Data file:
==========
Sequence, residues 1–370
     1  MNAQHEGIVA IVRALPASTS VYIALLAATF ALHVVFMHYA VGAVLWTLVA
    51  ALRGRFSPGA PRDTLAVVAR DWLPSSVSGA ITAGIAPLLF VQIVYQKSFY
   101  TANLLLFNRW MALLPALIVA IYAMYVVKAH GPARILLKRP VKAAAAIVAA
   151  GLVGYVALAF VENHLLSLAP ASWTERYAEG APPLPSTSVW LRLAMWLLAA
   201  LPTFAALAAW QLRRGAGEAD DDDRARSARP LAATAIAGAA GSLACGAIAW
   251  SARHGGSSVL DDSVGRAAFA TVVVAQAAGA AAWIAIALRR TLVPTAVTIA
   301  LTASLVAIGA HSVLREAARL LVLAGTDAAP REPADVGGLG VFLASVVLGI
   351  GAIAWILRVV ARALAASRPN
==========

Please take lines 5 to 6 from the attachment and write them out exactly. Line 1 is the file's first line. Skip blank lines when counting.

   151  GLVGYVALAF VENHLLSLAP ASWTERYAEG APPLPSTSVW LRLAMWLLAA
   201  LPTFAALAAW QLRRGAGEAD DDDRARSARP LAATAIAGAA GSLACGAIAW